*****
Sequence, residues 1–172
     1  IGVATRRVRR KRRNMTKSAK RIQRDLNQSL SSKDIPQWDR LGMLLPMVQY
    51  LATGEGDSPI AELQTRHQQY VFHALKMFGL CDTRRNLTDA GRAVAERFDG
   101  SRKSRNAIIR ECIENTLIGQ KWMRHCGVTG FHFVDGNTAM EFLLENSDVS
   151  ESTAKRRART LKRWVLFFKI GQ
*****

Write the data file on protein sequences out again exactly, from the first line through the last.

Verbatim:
Sequence, residues 1–172
     1  IGVATRRVRR KRRNMTKSAK RIQRDLNQSL SSKDIPQWDR LGMLLPMVQY
    51  LATGEGDSPI AELQTRHQQY VFHALKMFGL CDTRRNLTDA GRAVAERFDG
   101  SRKSRNAIIR ECIENTLIGQ KWMRHCGVTG FHFVDGNTAM EFLLENSDVS
   151  ESTAKRRART LKRWVLFFKI GQ